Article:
Edgar Wood Society’s David Morris met up with (left to right) Bill, Danny (and his dog) and Pete to see how Edgar Wood’s First Church was faring in its restoration and to assist with some conservation issues.
The Edgar Wood Society is visiting this Saturday and Danny wanted the building to look its best (as far as you can while restoring it). The external redecoration is well under-way and the new garden planting is looking good. All future lighting will be fixed in the garden not on the buiding. The latest set of works included the removal of vast amounts of cabling, trunking and electrical fittings, from when the Centre was used as offices. Two modern radiators have also been removed, exposing more of the original marble panelling and now the historic skirting boards are also being restored. The interior is starting to look very good.
Yesterday on Tuesday 18th September two classes of seven year old children from Boarshaw Primary School visited Long Street Methodist Church. On route they looked at Edgar Wood’s house on Rochdale Road, before visiting the Parish Church and then via the park to Long Street. In the previous week Mr. Wood and his associate had visited the school to tell the children what Middleton was like in his day as a boy and how things had changed.
The boys and girls were attentive and well behaved during their visit, but by lunch time they were ready for their packed sandwiches, before their long walk back to school.
Although the weather kept many visitor away we did have a special day and time to talk to the visitors who had close connections with the Church and School Rooms. A cub and scout from the 1970’s had fond memories of the activities and leaders of the group and remembered overnight sleep overs on the balcony. Two sisters Sheila and Glynis were both married at Long Street, Sheila in Sept. 1963 and Glynis in March 1967. Sheila’s children were also Christened at the Church. Joan arrived with three programs from Gilbert and Sullivan productions, Mikado 1959, Pinafore 1960 and The Gondoliers 1961. Joan is clearly named in the School Girls Chorus of the operatic and it was good to have time to talk about other members of the cast, which we knew.
After nine months the scaffolding has been removed from the building to reveal the restored frontage of the lecture room with its leaded lights again after plain glass was installed many years ago. All the other windows have been restored (excluding the church) together with the rain water goods and render and doesn’t it look splendid?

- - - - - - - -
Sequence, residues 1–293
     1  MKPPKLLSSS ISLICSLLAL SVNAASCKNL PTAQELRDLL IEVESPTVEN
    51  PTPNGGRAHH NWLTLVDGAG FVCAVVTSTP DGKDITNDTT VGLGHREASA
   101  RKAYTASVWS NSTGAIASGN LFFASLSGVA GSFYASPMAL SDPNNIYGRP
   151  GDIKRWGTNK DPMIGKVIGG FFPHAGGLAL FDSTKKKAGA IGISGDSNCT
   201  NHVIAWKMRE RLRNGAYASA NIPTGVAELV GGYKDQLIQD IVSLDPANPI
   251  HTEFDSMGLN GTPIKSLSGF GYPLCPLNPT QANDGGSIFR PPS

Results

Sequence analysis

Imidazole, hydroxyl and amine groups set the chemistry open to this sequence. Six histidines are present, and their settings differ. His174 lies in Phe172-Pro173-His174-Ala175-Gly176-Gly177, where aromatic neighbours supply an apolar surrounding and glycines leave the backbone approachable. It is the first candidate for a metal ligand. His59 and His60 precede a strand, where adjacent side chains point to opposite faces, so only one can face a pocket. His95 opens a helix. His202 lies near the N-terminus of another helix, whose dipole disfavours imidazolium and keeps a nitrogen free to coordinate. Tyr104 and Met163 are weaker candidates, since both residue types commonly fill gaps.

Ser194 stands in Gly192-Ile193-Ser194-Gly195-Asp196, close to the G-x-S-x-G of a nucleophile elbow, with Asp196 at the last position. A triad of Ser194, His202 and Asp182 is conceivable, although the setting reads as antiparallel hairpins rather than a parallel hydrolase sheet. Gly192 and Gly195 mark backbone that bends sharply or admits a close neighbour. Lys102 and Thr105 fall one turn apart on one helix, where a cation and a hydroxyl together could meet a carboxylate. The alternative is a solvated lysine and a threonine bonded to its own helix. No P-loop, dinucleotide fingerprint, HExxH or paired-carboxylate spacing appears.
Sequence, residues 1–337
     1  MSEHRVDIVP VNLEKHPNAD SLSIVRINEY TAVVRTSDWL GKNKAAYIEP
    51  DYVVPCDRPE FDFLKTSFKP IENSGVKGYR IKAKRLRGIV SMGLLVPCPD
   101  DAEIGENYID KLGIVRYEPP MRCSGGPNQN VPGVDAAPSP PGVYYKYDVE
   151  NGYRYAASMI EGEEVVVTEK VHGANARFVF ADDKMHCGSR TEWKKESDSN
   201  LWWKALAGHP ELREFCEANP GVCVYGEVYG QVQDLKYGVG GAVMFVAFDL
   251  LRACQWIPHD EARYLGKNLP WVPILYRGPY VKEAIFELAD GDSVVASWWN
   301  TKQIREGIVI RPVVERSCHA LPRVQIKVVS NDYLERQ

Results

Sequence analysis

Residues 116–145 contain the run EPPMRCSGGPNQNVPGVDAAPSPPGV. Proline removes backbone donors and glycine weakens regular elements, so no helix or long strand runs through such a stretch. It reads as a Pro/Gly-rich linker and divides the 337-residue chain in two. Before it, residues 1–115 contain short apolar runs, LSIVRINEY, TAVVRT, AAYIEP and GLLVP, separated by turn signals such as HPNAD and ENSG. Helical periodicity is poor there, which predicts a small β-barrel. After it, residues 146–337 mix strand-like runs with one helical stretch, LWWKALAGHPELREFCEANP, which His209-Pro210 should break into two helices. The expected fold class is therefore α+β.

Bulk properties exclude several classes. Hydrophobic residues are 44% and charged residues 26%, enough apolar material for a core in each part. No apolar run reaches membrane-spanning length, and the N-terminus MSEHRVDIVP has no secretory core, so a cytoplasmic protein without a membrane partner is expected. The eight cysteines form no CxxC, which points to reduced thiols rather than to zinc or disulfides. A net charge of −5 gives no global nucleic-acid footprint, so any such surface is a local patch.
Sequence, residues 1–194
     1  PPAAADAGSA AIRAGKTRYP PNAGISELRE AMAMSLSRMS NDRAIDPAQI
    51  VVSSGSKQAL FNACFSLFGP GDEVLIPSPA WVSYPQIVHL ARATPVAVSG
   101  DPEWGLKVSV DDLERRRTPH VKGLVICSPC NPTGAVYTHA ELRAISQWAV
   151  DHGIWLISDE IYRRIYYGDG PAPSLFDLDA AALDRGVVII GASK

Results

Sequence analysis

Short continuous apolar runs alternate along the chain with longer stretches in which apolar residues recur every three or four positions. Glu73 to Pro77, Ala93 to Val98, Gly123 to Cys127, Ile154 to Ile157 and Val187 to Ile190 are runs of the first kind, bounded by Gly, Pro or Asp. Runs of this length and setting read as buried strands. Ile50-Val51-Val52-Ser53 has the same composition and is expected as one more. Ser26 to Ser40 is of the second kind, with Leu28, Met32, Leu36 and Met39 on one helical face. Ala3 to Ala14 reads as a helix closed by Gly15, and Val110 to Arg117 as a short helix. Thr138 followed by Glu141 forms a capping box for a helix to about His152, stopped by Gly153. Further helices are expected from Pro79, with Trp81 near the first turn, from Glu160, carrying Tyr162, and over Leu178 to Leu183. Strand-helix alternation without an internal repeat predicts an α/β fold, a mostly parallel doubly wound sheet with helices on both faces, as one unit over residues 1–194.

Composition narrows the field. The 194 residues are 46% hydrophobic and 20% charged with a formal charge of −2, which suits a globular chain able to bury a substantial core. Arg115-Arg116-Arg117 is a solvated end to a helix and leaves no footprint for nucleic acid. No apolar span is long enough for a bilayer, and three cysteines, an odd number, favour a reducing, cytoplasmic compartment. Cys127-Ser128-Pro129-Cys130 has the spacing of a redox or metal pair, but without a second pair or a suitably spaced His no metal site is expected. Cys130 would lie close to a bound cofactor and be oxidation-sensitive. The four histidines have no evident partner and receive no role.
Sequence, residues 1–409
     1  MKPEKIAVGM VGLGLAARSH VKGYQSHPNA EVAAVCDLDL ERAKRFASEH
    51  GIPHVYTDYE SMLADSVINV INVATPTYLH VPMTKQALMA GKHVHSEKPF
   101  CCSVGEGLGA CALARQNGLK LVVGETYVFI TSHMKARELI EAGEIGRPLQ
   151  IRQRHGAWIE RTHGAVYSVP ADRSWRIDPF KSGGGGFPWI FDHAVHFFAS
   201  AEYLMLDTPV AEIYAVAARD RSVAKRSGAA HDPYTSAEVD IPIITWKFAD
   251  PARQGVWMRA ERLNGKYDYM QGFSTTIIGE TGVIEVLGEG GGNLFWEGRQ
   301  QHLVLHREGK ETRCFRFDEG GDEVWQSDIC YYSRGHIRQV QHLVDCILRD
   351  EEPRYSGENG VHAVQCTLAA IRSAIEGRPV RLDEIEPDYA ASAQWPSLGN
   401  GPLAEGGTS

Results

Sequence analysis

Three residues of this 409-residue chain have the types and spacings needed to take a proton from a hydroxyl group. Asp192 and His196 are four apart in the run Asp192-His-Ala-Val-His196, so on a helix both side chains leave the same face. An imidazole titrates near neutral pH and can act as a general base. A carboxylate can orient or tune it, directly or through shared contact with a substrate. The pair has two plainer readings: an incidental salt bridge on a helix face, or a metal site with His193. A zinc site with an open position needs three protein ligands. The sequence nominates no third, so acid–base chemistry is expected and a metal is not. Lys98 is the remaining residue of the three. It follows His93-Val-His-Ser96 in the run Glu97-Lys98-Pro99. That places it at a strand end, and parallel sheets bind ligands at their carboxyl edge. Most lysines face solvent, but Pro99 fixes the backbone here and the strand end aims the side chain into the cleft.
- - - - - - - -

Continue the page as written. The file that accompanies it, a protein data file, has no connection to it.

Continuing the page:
In the restoration of the 1970’s an error was made to the render on the Ladies Parlour, they forgot to do it. Compare the photograph from the early 1900’s with that of 2017. The mistake of the 70’s has been corrected this time around.
As part of the THI complimentary initiatives, the Greater Manchester Building Preservation Trust arranged for the restoration Architect Lisa McFarlane of Seven Architects to put on a session to explain and show the ongoing work that is being carried out in the school rooms. Little did we know that another of Lisa’s talents is baking. Along with her presentation she arrived with cake stands and chocolate and raspberry muffins and lemon cup cakes freshly baked. Continue reading “Meet the Architect Day (incl. cakes)”
This week work began on the rear vestibule, the picture shows the extent of the dry rot in the door frame and roof timbers, it is an extensive job. The scaffold on Long Street has started to be removed and the rest should follow shortly. In the garden roses continue to bloom and behind the scaffold the render is complete, most of the windows are now repaired and glazed. When the window frames and gutters have been painted at the high level the scaffold will to be taken down in stages.
Door frames are having new sections of timber spliced into position, but the original hinges can and have been restored. These are not your ordinary common butt hinges, They are sprung hinges that allow for either a push or a pull opening. One hinge is being fitted into the new section of wood before being joined into the door frame. The hinge was made in Eccles by the Rotector Company (Protector Co Eccles – is there a faint P) in Edgar’s day. Does anyone know anything about this company?
It’s going to be a tight schedule, but in eight weeks the school rooms should be fully restored, some members of Stone Edge were even working on site this morning (Saturday) in order to keep within the time frame for completion. Continue reading “Restoration – 8 Weeks to Completion”
The Edgar Wood Society assists the conservation of Edgar Wood buildings wherever it can and, over the years, has met many owners. This is the wonderful First Church, Manchester, which is to have a new use for events and weddings. The photo shows the owner, Mr. Danny Samuels (centre), Bill Wingrove and P.R. expert Becky Roberts with the famous organ screen in the background.
The first Site Progress Meeting took place on Tuesday 19th Dec. In attendance were Seven architect Lisa McFarlane, Stone Edge contractors, Conservation Officer Sue Oakley and GMBPT trustee Christine Grime.
You can now see things are happening on the outside. This gives a real sense that the restoration is on the move. Internal work has been put on hold as more asbestos has been uncovered and notification is required to give a 14 day HSE notification period prior to any further removal.
The launch of the restoration of the schools rooms took place last night, with over 60 guests in attendance. Canapes and mulled wine hit the spot on a cold winter night setting the tone for a convivial evening.
Inside work is halted for the time being, unfortunately more locations of potential asbestos have been found under floors. Until this is or is not confirmed by lab reports, it is a no go area. As a result Stuart is braving the cold investigating the condition of the stonework – can it be resurfaced or must the block be cut out and replaced?